GIVEAWAY: And don't forget to leave a comment with your email for a chance to win choice copy of one of my books and choice of format!

Tuesday, April 3, 2018

GIVEAWAY and Hello Haiti! Wrapping it All Up!

Wrapping it All Up!

by Sarah Robertson

I’ve arrived at the end of my entries from my Haiti Journal for this missions trip in 2018. It was a whirlwind week, and I will forever be thankful that I had the opportunity to go again. God provided in a miraculous way that my mind will never be able to fully comprehend. I do know that we serve an amazing God!

At the end of the week, I asked a few members of the team what word they would use to describe this week’s trip. Obviously it’s impossible to summarize the trip in one word, but they each came up with one word that God kept bringing to their mind. For one it was “thankfulness”, another “grace”, someone else said “gratitude”, and also “faith” and “love” were mentioned.

As I reflected on each of those words, I’m drawn back to the word that God brought to my This was a week where as a team we stood in faith that God was going to bring that medical bag along at the right time, that God would give wisdom in dealing with Eby’s life, that our faith in WHO God is and WHAT He can do would be strengthened and encouraged. God allowed us to have exactly what was needed to help Eby. From the diapers that Debbie Lynne used to pack fragile items, to the liquid infant vitamins that had been randomly brought along, to the clothes that Emma had outgrown that Eby could wear, to the infant catheter kit that Hannah was fairly positive she wouldn’t even need, God guided our hands and hearts from Stateside to Haiti.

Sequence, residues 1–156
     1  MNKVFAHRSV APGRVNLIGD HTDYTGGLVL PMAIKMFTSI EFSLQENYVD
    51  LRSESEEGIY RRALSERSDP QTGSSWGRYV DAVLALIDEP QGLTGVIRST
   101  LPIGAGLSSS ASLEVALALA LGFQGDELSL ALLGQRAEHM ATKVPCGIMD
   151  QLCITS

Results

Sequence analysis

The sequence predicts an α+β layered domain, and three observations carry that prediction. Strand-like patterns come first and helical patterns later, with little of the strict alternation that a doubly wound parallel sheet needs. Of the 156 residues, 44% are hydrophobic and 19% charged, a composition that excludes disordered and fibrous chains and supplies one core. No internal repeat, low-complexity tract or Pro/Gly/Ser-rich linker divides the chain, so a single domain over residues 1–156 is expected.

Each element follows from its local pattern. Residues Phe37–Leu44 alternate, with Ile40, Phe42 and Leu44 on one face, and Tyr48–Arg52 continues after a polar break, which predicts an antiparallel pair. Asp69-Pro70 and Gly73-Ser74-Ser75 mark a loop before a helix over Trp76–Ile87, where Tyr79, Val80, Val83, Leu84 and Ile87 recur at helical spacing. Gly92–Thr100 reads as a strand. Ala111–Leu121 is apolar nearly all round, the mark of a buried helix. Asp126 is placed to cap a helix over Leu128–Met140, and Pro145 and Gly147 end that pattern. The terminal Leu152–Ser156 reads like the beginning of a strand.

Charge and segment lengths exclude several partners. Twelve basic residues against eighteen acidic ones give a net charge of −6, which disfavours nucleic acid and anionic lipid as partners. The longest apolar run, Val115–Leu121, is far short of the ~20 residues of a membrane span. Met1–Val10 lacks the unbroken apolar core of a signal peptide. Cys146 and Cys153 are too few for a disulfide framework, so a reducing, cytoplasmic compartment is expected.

Krissy said that word that she would use to summarize the trip was “thankfulness”. We don’t get to choose what home to be born into or what country we live in. But whether God has given us a home in the U.S.A or a hut for a home in Haiti, as Christians we are called to be thankful. “In everything, give thanks...” not always easy, but God has equipped us to do exactly what He has called us to do. We can each be ordinary people used in extraordinary ways for God’s glory.

Emelie chose the word “gratitude”. She commented that she was grateful that she can be used in a small way to be a part of what God is doing in Haiti. Wonderful friends to come along to Haiti and share in helping people less fortunate than we are causes the word “gratitude” to come to mind. Emelie said that she is grateful that God chose for us to be able to see Eby get better every day. The first day when we brought him home, she said she was so scared. All night she was awake and praying, and over and over again she thought she heard Hannah coming to tell Kevin that the baby was gone. Gratitude wells up within us as we realize that because God brought Eby into our lives, the grandmother and granddaughter accepted Jesus. While it’s all a bit overwhelming to process, she is am I.

Love- that’s the word that Debbie Lynne used to summarize the trip. She chose “love” because of several reasons. One, she fell head over heels in love with a little boy named Eby. Secondly, the people brought her much joy and showed great love to her. Thirdly, she fell in love with Haiti and its people all over again this year.